Diabetes no barrier to heart transplants: study

Diabetics without other health problems survive heart transplants about as well as nondiabetics, according to a new U.S. study, which suggests diabetes shouldn't disqualify patients from a transplant waiting list.

Diabetics without other health problems survive heart transplants about as well as nondiabetics, according to a new U.S. study, which suggests diabetes shouldn't disqualify patients from a transplant waiting list.

In the study, published online Monday in the American Heart Association journal Circulation, researchers analyzed United Network for Organ Sharing (UNOS) records for survival rates of more than 20,000 people who had heart transplants between 1995 and 2005. That included 3,687 people who were diabetic.

The researchers found that nondiabetics had a median survival rate of 10.1 years, while diabetics had a survival rate of 9.3 years, a difference the study authors said was not statistically significant.

Demand for transplants will grow

More than 21 million North Americans suffer from diabetes, mostly Type 2, which is linked to obesity. The disease, which significantly increases the risk for heart disease and stroke, is often associated with other cardiovascular risk factors, including high blood pressure, cholesterol problems and insulin resistance.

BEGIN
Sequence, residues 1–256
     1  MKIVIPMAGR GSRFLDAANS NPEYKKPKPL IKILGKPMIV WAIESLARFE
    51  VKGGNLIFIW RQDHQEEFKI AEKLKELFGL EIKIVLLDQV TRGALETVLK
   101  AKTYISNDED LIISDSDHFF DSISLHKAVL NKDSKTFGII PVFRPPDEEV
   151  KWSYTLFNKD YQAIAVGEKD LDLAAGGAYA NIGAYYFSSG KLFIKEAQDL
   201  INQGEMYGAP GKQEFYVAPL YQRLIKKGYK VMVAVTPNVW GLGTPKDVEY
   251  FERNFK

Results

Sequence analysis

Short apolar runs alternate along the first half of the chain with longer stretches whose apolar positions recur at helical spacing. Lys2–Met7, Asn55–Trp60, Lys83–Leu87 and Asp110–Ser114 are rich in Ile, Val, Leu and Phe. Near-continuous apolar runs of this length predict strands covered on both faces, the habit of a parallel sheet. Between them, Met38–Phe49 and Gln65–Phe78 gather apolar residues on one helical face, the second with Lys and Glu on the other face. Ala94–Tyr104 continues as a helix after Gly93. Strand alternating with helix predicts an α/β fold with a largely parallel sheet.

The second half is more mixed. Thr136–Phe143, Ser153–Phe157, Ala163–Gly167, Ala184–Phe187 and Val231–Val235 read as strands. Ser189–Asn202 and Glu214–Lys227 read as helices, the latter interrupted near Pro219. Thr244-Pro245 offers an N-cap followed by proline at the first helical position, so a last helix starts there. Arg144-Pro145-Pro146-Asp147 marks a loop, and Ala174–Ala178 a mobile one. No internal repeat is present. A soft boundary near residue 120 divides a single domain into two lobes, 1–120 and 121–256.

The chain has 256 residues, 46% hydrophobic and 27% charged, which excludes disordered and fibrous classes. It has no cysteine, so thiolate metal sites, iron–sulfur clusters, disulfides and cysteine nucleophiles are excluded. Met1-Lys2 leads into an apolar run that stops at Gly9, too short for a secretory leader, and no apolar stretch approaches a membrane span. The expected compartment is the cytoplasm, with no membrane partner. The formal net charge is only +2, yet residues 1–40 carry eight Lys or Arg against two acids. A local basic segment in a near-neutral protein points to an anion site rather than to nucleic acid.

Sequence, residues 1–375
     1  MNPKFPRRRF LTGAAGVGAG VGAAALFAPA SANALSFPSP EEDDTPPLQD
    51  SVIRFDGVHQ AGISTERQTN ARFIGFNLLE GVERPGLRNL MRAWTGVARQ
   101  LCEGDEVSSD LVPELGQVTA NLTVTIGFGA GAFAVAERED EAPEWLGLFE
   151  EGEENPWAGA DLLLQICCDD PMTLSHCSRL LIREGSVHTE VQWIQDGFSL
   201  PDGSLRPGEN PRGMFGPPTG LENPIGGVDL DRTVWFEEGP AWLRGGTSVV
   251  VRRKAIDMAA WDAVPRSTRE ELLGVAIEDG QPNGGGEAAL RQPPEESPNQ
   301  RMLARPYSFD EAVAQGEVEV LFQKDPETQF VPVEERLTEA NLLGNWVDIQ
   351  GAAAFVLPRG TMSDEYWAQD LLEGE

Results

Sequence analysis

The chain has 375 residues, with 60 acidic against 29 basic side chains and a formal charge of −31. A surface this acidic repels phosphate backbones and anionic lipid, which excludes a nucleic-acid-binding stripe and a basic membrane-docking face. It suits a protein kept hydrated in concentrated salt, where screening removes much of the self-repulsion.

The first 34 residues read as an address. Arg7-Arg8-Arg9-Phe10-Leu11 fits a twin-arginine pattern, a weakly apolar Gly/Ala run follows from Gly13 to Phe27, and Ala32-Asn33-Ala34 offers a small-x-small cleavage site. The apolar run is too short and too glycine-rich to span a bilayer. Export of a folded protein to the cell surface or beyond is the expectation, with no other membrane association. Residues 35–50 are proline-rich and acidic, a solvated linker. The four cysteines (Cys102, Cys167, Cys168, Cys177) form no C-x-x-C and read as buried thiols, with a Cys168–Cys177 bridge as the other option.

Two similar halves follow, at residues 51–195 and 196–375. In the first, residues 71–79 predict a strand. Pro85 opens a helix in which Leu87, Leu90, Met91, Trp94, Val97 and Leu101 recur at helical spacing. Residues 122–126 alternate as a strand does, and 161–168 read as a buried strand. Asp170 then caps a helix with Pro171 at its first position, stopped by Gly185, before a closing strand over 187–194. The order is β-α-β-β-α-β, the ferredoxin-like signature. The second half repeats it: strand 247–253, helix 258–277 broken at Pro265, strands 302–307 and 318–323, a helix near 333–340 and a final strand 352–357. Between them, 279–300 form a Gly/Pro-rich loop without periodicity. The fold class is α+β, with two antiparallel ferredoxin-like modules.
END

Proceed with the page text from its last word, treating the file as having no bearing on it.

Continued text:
More people are developing heart failure, said one of the study authors, Dr. Mark Russo, a researcher at Columbia University. A transplant is often the only solution for heart failure, when the weakened heart gradually loses its pumping power.

Russo said the study confirms doctors' intuitive beliefs. While showing that many diabetics do well with a heart transplant, the research also showed that median survival for those with one complicating condition of diabetes fell to less than seven years and for those with two complications, transplant survival was less than four years.

"Prior to this it was unclear whether diabetes mattered and what it meant if they had complications related to their diabetes," Russo said.